The Master of Business Administration, more commonly known as a MBA, is the world’s premier business degree.
And though it’s held by relatively few of our corporate leaders, it’s a degree gaining ground in Australia as our executive talent becomes more globally mobile.
For this reason, plenty of the executives LeadingCompany speaks to describe doing an MBA as one of the big breaks in their career.
But despite its high profile, it’s not always the best path for everyone, says Professor Anne Rose-Smith.
Rose-Smith is the professor of management learning at the faculty of business and economics at Macquarie University. Previously, she oversaw the MBA at Sydney University as head of the school of management.
She says that for executives who’ve previously graduated from a business-oriented degree like a Bachelor of Commerce, the new skills they’ll pick up from an MBA could be limited.
“I would recommend that if a student wants to build on their knowledge obtained in an undergrad degree, a student with an undergraduate business degree taking up an MBA would be doing many of the same things again.
“If you have a Bachelor of Commerce or a Bachelor of Business, my advice would be to consider your field and where you want to go, and chose a specialised master’s degree instead.”
Some universities offer specialised MBAs, and these can be useful for adding an extra dimension to a broad business degree.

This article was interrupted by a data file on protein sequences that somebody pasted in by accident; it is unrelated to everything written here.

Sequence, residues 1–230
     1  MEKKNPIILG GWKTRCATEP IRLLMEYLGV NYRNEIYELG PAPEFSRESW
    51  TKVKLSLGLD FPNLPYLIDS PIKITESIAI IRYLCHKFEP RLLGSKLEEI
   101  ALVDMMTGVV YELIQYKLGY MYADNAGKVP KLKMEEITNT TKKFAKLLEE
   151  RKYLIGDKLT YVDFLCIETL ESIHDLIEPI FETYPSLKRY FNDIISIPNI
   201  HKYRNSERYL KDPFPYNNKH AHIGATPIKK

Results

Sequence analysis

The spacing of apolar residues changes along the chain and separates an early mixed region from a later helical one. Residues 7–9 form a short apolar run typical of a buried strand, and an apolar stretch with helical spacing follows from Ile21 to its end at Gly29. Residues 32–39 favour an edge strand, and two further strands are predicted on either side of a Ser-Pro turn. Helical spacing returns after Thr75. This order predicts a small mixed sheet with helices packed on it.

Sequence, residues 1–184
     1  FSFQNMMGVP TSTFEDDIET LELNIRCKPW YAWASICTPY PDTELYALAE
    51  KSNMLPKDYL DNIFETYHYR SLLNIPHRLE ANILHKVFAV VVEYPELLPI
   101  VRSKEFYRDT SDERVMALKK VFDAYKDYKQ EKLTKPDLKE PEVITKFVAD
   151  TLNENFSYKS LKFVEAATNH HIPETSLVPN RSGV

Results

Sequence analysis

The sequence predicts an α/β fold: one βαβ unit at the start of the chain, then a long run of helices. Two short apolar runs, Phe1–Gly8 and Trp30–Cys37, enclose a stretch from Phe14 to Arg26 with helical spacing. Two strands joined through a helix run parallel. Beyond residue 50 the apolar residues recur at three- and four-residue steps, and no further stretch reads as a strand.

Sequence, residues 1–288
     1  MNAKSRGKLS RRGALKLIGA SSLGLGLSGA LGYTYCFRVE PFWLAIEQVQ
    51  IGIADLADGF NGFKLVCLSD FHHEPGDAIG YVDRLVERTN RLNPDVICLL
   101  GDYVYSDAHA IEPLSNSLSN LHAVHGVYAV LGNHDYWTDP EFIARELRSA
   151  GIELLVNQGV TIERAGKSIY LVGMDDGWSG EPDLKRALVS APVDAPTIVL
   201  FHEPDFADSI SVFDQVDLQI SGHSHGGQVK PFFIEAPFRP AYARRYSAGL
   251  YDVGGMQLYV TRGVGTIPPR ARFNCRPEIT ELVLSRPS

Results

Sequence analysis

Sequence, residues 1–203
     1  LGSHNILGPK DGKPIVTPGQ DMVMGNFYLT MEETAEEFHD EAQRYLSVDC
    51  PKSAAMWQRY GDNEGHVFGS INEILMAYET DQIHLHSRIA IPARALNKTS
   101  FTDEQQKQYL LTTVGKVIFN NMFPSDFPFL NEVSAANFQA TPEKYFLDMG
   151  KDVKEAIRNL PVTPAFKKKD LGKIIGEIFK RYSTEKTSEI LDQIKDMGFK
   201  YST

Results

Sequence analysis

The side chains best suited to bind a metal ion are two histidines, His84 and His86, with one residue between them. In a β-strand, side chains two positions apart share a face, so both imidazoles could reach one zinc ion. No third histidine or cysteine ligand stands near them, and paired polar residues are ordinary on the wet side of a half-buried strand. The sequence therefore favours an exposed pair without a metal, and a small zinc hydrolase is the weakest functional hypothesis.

But traditional MBAs are, by their nature, intended to be generalist degrees, teaching soft skills like strategic thinking and public presentation.
“Masters degrees of any variety aren’t cheap,” Rose-Smith says. “Some can cost up to $100,000, and plenty of students fund this themselves.
“You have to know very clearly why you’re doing it, and what you want to learn. Knowing that can help you decide on which post-graduate qualification would be the most useful.”
MBA rankings aren’t the whole picture, she says, because they don’t typically consider what particular universities specialise in. And specialised post-graduate degrees, like a Masters of Applied Finance or a Masters of Marketing, are unlikely to be internationally ranked.
“The MBA is by far the world’s most popular Masters degree,” she says. “It’s certainly stood the test of time.
“But very little has changed in the original design of the MBA, which is intended to be a general management degree. It’s increasingly being undertaken by people with relatively little management experience.”
If an introduction isn’t what you need, it might pay off to look for something a little more specialised.